This book reminded us of The Giver by Lois Lowry. One of the dystopian features throughout The Giver, was that residents, were selected their job through a ceremony. This is similar to Matched, because people are given different job openings that they must do. The Giver uses this more as a main idea than Matched, but this still makes them very close in relation. Also, in Matched residents have an arranged marriage, called their “match” who is meant to be their soul mate. The society makes a big deal of this, having a banquet revealing their match. In The Giver, people also have arranged marriages, but again isn’t the main theme of the novel. Other  than these examples, there are many more ways that The Giver is similar to Matched.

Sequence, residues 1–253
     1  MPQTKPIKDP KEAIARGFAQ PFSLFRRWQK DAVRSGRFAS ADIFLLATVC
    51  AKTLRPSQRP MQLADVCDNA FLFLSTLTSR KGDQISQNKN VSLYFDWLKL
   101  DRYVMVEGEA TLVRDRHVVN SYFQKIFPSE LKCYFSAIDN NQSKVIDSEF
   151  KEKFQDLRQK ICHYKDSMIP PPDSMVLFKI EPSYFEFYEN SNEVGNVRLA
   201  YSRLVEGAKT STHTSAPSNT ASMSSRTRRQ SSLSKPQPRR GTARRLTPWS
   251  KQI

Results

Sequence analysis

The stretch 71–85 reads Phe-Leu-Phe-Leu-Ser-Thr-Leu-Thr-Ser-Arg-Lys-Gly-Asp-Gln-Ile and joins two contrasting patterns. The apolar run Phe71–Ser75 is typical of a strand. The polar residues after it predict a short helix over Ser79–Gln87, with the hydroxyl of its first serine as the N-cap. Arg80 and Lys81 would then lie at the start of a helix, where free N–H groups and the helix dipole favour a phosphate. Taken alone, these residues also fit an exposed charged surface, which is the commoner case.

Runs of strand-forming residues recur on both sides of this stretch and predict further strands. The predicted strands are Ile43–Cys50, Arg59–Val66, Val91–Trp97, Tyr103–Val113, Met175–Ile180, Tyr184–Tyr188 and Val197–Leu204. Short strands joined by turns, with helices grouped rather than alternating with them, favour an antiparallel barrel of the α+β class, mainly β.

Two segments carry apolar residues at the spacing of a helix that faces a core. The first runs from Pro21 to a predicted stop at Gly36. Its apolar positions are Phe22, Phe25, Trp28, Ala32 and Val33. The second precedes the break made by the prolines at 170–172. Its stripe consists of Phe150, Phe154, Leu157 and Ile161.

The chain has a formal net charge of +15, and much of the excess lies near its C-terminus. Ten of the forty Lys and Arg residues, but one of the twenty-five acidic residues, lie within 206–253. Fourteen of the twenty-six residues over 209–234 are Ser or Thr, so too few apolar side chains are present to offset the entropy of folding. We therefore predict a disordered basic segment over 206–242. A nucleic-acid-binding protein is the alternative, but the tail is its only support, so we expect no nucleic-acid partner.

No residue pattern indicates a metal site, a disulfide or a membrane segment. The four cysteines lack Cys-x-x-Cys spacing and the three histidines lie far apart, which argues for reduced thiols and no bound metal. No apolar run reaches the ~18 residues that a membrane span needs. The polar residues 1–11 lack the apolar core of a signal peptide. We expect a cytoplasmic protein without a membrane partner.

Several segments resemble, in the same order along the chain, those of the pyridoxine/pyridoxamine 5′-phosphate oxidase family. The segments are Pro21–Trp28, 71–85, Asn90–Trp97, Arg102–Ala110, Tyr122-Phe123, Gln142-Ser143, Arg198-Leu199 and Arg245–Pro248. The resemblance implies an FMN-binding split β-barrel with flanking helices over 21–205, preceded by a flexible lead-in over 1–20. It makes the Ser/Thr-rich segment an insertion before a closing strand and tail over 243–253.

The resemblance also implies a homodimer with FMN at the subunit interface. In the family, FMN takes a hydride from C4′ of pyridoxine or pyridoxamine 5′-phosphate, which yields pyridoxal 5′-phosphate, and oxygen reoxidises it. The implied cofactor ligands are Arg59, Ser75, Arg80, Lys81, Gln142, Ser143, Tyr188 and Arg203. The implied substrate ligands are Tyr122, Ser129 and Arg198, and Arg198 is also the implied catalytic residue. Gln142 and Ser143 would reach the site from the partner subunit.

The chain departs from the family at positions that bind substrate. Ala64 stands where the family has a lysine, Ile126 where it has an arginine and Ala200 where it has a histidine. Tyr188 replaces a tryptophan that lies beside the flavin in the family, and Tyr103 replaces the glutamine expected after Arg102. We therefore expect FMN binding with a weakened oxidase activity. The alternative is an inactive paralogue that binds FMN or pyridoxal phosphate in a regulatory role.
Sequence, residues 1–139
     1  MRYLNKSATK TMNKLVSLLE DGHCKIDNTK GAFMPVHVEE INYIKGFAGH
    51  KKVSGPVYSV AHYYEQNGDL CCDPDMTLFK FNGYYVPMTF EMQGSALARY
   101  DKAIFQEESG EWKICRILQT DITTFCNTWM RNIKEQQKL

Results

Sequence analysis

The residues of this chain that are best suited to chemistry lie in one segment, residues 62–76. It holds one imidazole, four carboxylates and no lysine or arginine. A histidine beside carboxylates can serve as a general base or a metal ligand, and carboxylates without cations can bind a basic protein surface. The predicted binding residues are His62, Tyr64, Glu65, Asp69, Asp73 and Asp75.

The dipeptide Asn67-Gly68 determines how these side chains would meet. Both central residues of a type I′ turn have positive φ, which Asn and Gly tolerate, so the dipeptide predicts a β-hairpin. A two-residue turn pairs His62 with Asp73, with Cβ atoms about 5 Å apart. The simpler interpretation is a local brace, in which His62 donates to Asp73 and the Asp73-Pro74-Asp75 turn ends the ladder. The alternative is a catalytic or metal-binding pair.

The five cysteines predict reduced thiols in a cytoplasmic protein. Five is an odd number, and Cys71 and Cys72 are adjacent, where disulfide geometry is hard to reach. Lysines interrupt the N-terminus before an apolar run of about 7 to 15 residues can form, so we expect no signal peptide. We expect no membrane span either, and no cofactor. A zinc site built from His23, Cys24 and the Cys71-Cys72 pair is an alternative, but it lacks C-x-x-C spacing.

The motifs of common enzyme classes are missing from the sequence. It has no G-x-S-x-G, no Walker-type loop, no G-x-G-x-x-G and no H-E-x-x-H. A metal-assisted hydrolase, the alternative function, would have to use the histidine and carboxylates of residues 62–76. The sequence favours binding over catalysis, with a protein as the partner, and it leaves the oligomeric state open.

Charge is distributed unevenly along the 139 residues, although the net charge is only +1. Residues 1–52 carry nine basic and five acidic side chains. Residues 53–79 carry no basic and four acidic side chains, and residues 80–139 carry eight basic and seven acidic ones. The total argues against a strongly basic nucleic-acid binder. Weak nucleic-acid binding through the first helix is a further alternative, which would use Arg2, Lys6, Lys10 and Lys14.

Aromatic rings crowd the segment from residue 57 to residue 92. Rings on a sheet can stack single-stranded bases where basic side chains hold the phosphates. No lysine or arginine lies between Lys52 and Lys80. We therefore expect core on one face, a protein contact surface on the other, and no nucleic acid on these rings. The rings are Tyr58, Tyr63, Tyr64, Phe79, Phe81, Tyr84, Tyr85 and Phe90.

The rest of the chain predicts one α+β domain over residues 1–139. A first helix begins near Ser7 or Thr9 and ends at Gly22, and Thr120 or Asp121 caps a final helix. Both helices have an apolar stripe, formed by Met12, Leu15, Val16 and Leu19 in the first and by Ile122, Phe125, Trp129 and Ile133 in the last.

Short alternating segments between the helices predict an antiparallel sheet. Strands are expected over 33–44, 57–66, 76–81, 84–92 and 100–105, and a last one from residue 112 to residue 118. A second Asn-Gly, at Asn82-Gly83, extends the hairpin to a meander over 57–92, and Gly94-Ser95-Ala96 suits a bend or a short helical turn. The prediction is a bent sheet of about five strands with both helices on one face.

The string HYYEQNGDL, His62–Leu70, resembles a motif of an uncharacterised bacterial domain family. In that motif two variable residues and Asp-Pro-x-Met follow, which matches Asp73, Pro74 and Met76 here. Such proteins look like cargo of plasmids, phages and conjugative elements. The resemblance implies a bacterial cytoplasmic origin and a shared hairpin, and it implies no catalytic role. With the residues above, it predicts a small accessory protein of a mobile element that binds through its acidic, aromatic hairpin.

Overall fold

While reading this book we noticed that the characters were not very developed at all. Every emotion or problem the character was facing, we knew about it. Every tough decision or feelings of tension between characters, we knew. We didn’t have to guess Cassia’s conflicts because every time Ally Condie literally spelled it out for the reader. There was no suspense about what would happen next or what Cassia was planning to do because the novel was unbelievably predictable. For example, we learn on page 39 that on Cassia’s micro card, the card given to every match ceremony participant and tells them about their match, that Cassia does not see her match, Xander, but another boy that lives in her providence named Ky. At first she is very confused especially since Ky, an Aberration, is not allowed to be matched because of his status as a “criminal.” Cassia does not understand how the society could make a mistake as big as this when they’ve never made mistakes in the past. From this one event we as a group predicted that Cassia would become more interested in Ky and they would later have a strong relationship. That fact that we could predict this so early in the book and have our predictions be correct just goes to show how poorly this book was written. In addition, we know from our time studying the Dystopian unit, that in order for it to be considered a Dystopian novel, the characters have to show some sort of rebellion. Up until the ending of the this book, Cassia stayed completely loyal to the society. She followed the rules even though she knew the officials wanted her to step out of line, she started distancing herself from Ky when the officials started to catch on, and finally she didn’t do anything but meaningless “crimes” that were not really punishable. She didn’t put herself out there and stand up for what she believed in, she more kept it to herself and only told Ky when it was absolutely necessary. Although she might have have had some hatred for the society her devotion to it was more over powerful. As a result, Cassia did not develope into this strong and courageous character we expect her to be and this also made the book very unamusing and sequential.